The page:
We think you have liked this presentation. If you wish to download it, please recommend it to your friends in any social system. Share buttons are a little bit lower. Thank you!
Presentation is loading. Please wait.
Published byDakota Gilyard
Modified about 1 year ago
Copyright © 2010 Pearson Education, Inc. Marieb Chapter 22: The Respiratory System Part A
Copyright © 2010 Pearson Education, Inc. Respiration Pulmonary ventilation (breathing): movement of air into and out of the lungs External respiration: O 2 and CO 2 exchange between the lungs and the blood Transport: O 2 and CO 2 in the blood Internal respiration: O 2 and CO 2 exchange between systemic blood vessels and tissues Respiratory system Circulatory system
Copyright © 2010 Pearson Education, Inc. Functional Anatomy Respiratory zone: site of gas exchange Microscopic structures: respiratory bronchioles, alveolar ducts, and alveoli Conducting zone: passageways to gas exchange sites Includes all other respiratory structures Respiratory muscles: diaphragm and other muscles that promote ventilation
Copyright © 2010 Pearson Education, Inc. Defense Mechanisms
Copyright © 2010 Pearson Education, Inc. Why Is The Lung Considered Sterile?
Copyright © 2010 Pearson Education, Inc. Bronchi and Subdivisions Air passages undergo 23 orders of branching Branching pattern called the bronchial (respiratory) tree
Copyright © 2010 Pearson Education, Inc. Respiratory Zone Respiratory bronchioles, alveolar ducts, alveolar sacs (clusters of alveoli) ~300 million alveoli account for most of the lungs’ volume and are the main site for gas exchange
Copyright © 2010 Pearson Education, Inc. Figure 22.8a (a) Alveolar duct Alveoli Alveolar sac Respiratory bronchioles Terminal bronchiole
Copyright © 2010 Pearson Education, Inc. Respiratory Membrane ~0.5- m-thick air-blood barrier Alveolar and capillary walls and their fused basement membranes Alveolar walls Single layer of squamous epithelium (type I cells) Scattered type II cuboidal cells secrete surfactant and antimicrobial proteins
Copyright © 2010 Pearson Education, Inc. Respiratory Membrane
Copyright © 2010 Pearson Education, Inc. Figure 22.9c Capillary Type II (surfactant- secreting) cell Type I cell of alveolar wall Endothelial cell nucleus Macrophage Alveoli (gas-filled air spaces) Red blood cell in capillary Alveolar pores Capillary endothelium Fused basement membranes of the alveolar epithelium and the capillary endothelium Alveolar epithelium Respiratory membrane Red blood cell O2O2 Alveolus CO 2 Capillary Alveolus Nucleus of type I (squamous epithelial) cell (c) Detailed anatomy of the respiratory membrane
Copyright © 2010 Pearson Education, Inc. Figure 22.9a Elastic fibers (a) Diagrammatic view of capillary-alveoli relationships Smooth muscle Alveolus Capillaries Terminal bronchiole Respiratory bronchiole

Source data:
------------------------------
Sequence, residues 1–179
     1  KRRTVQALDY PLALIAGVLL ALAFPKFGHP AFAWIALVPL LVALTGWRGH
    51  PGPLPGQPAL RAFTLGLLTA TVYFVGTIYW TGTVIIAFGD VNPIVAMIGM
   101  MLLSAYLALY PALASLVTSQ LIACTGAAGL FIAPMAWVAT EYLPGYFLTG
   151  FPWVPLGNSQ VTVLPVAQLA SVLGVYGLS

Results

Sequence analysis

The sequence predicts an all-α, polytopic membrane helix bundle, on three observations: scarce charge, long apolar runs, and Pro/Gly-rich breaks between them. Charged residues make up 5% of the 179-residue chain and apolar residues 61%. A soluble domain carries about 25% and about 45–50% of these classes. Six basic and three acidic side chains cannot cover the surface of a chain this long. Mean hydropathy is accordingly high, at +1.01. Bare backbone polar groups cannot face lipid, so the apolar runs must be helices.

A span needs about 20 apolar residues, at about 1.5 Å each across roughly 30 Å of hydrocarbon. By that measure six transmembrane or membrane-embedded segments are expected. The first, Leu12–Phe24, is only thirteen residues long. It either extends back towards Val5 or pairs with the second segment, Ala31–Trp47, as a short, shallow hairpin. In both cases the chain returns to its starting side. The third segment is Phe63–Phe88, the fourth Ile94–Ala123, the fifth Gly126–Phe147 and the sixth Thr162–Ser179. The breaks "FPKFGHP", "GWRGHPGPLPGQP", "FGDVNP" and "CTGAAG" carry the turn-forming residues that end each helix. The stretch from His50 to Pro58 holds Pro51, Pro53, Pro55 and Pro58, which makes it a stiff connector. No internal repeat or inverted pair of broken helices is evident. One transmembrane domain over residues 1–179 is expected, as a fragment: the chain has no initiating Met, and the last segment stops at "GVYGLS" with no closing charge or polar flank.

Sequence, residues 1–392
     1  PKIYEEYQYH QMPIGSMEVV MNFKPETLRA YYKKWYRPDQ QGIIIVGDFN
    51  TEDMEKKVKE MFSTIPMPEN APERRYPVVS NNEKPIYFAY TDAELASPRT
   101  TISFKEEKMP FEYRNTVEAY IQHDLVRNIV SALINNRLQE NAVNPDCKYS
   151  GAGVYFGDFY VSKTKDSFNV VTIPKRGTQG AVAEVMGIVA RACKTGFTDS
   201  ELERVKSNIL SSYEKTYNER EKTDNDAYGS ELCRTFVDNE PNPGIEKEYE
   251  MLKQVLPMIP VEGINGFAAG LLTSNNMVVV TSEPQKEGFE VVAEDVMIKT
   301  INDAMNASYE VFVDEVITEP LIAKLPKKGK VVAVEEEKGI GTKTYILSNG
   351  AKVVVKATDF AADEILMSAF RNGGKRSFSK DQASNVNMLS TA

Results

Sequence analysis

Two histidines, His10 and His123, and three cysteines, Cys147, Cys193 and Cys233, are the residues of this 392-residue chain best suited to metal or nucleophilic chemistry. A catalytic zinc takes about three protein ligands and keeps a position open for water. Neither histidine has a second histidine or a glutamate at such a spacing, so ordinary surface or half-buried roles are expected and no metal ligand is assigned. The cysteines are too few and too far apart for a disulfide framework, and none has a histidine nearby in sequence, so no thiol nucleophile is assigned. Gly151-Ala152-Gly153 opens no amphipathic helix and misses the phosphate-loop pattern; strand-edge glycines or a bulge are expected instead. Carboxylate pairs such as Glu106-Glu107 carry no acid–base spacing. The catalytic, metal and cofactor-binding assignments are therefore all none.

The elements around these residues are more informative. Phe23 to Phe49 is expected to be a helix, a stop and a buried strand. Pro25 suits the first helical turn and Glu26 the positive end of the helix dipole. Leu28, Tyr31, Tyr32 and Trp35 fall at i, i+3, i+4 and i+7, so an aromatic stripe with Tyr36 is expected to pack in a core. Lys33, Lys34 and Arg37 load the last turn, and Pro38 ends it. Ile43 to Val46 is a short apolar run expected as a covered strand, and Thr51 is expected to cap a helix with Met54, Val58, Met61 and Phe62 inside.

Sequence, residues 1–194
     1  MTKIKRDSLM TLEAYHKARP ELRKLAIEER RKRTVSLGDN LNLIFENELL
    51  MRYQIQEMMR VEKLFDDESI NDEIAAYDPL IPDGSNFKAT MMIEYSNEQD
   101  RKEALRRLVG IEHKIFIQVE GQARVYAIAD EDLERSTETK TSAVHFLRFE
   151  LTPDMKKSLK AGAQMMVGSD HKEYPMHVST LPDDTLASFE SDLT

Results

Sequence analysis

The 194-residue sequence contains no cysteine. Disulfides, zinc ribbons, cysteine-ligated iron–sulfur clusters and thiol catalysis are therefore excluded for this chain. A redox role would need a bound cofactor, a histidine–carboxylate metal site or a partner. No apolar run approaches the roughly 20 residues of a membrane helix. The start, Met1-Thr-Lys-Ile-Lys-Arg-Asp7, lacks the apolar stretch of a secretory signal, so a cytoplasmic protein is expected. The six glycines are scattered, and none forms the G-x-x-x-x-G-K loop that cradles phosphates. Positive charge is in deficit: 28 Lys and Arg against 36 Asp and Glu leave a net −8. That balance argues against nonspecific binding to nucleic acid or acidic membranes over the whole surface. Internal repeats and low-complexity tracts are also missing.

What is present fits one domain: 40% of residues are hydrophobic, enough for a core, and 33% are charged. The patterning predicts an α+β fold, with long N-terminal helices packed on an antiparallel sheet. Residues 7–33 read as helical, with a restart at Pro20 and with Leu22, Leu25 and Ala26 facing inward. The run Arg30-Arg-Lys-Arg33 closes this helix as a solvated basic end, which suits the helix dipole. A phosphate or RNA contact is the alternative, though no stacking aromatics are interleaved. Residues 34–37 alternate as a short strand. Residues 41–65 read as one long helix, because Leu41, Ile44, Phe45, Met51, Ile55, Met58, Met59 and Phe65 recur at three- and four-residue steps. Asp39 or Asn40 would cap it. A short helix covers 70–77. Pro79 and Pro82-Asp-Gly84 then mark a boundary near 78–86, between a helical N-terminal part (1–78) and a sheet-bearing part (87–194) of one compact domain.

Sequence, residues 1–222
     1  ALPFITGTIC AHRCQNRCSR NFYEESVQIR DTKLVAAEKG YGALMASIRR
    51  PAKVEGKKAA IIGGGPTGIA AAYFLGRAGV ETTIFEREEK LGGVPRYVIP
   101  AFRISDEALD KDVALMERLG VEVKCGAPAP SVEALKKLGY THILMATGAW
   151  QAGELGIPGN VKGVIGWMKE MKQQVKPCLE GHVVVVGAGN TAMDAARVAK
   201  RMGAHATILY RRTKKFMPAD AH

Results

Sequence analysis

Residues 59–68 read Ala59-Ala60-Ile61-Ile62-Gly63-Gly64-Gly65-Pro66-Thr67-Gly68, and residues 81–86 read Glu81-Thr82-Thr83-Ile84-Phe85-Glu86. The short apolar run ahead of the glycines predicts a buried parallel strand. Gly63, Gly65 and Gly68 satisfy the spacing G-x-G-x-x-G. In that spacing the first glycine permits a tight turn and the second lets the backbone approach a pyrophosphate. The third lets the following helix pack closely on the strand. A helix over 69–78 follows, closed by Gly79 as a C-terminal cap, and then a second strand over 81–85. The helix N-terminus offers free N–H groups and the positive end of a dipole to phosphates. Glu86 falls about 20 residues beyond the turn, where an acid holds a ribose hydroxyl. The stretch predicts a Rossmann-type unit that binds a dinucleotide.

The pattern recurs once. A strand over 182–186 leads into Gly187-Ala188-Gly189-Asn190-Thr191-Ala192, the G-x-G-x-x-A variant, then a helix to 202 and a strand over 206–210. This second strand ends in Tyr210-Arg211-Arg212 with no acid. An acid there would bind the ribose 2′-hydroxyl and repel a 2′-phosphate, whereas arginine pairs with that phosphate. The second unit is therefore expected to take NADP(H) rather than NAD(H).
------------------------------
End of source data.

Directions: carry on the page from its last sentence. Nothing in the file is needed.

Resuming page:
Copyright © 2010 Pearson Education, Inc. Alveoli Surrounded by fine elastic fibers Contain open pores that Connect adjacent alveoli Allow air pressure throughout the lung to be equalized House alveolar macrophages that keep alveolar surfaces sterile
Copyright © 2010 Pearson Education, Inc. Fluids And The Lung Pleural fluid fills the pleural cavity Provides lubrication and surface tension Surfactant within the alveoli Lowers alveolar surface tension
Copyright © 2010 Pearson Education, Inc. Mechanics of Breathing Pulmonary ventilation consists of two phases 1.Inspiration: gases flow into the lungs 2.Expiration: gases exit the lungs
Copyright © 2010 Pearson Education, Inc. Pressure Relationships in the Thoracic Cavity Atmospheric pressure (P atm ) Pressure exerted by the air surrounding the body 760 mm Hg at sea level Respiratory pressures are described relative to P atm Negative respiratory pressure is less than P atm Positive respiratory pressure is greater than P atm Zero respiratory pressure = P atm
Copyright © 2010 Pearson Education, Inc. Intrapulmonary Pressure Intrapulmonary (intra-alveolar) pressure (P pul ) Pressure in the alveoli Fluctuates with breathing Always eventually equalizes with P atm
Copyright © 2010 Pearson Education, Inc. Intrapleural Pressure Intrapleural pressure (P ip ): Pressure in the pleural cavity Fluctuates with breathing Always a negative pressure (
"name": "Copyright © 2010 Pearson Education, Inc.",
"description": "Intrapleural Pressure Intrapleural pressure (P ip ): Pressure in the pleural cavity Fluctuates with breathing Always a negative pressure (
Copyright © 2010 Pearson Education, Inc. Intrapleural Pressure Negative P ip is caused by opposing forces Two inward forces promote lung collapse Elastic recoil of lungs decreases lung size Surface tension of alveolar fluid reduces alveolar size One outward force tends to enlarge the lungs Elasticity of the chest wall pulls the thorax outward
Copyright © 2010 Pearson Education, Inc. Alveolar Surface Tension Surfactant Detergent-like lipid and protein complex produced by type II alveolar cells Reduces surface tension of alveolar fluid and discourages alveolar collapse Insufficient quantity in premature infants causes infant respiratory distress syndrome